Object-oriented classification has been applied in the automated detection of urban changes ( Doxani ., 2012 ; Walter, 2004 ), in object recognition ( Csatho ., 1999 ), and in the classification of shaded urban areas ( Zhou ., 2009 ). Results have been compared with the geographical information system (GIS), and the possibility of revising the GIS database has been raised. Another GIS revision approach using remote sensing data with eCognition can be found in Benz . (2004) , in which the authors made an appropriate link between remote sensing data and GIS based on multiresolution and object-oriented fuzzy analyses. A hierarchical image object network can provide a strong link to real-world objects.
This paper presents that the lidar data can provide supplementary information to the aerial image about building boundaries in the object oriented classification. A local maxima filter was used to extract lidar points on buildings to combine with aerial imagery. Fuzzy logic membership values were adopted for the accuracy assessment of the classification.
2. Study Area and Dataset
Ocean City, located in the northern part of the coastal area of Maryland, U.S., was selected as the test area since it contains a combination of buildings, roads, coast, and sea. This varied terrain is suitable for classification combining lidar and aerial imagery.
The dataset consists of stereo images and lidar data. An RC20 camera was used to acquire panchromatic aerial images; the camera model is UA9II 3043 and its calibrated focal length is 152.74 mm. The Airborne Topographic Mapper (ATM) laser system was used to acquire digital elevation data. The vertical accuracy of better than 10cm has been achieved by the ATM laser system. Fig. 1 shows an aerial image of the study area and indicates lidar data on the aerial image.
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Aerial image and lidar (red) for the study area
3. Object-oriented Classification
Classification is the process of assigning classes to pixels from remote sensing data. In an agricultural scene, for example, each pixel could be assigned the class wheat, rye, barley, or fallow. This is important for remote sensing and GIS work, since the classified image is much easier to incorporate than the original unclassified image. In this study, the fuzzy classification method is used. Fuzzy logic is a mathematical approach to quantifying uncertain statements.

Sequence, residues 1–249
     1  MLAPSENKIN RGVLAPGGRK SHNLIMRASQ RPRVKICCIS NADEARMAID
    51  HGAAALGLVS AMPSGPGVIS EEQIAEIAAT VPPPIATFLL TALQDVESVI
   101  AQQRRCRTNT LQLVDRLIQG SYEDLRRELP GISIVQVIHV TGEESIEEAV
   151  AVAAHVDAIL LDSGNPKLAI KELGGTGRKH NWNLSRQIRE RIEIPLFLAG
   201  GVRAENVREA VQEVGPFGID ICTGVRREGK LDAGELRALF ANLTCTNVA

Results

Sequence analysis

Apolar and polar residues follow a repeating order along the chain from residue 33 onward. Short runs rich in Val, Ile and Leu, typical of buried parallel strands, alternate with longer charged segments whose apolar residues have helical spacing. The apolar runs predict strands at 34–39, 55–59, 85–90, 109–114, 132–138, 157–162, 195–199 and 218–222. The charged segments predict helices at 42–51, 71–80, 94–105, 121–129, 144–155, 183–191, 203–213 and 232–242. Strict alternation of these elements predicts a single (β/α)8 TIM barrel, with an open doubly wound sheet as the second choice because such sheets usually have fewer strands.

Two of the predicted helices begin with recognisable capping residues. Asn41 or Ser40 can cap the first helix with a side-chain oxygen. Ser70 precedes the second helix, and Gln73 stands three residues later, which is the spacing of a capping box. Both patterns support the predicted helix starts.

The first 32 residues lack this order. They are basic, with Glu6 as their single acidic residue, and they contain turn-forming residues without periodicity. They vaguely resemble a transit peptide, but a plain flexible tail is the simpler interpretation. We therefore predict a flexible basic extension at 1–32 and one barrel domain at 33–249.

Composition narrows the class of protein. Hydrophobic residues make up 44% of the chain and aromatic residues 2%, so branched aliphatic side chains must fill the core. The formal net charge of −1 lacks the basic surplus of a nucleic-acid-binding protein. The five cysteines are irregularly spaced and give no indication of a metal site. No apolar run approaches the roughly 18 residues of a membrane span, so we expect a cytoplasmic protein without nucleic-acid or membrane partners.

The basic idea is to replace the two strictly logical statements, “yes” and “no,” by a continuous range of values between 0 and 1, where 0 means “exactly no” and 1 means “exactly yes.” All values between 0 and 1 represent a more or less certain state of “yes” and “no.” Thus, fuzzy logic is able to emulate human thinking and can even take into account linguistic rules. Fuzzy classification systems are well suited to handling the ambiguity involved in extracting information from remote sensing data. Parameter and model uncertainties are considered using fuzzy sets defined by membership functions. Instead of the binary “true” and “false” multivalued fuzzy logic allows transitions between “true” and “false.” Additionally, there are more or less strict realizations of the logical operations “and” or “or.” The membership degree for each land cover or land use class is given for each object. This enables a detailed performance analysis and gives an insight into the class mixture for each image object. This is a major advantage of fuzzy classification. In this study, a fuzzy nearest neighbor classifier is implemented. This is called object-oriented classification, and involves the grouping of neighboring pixels into meaningful elements.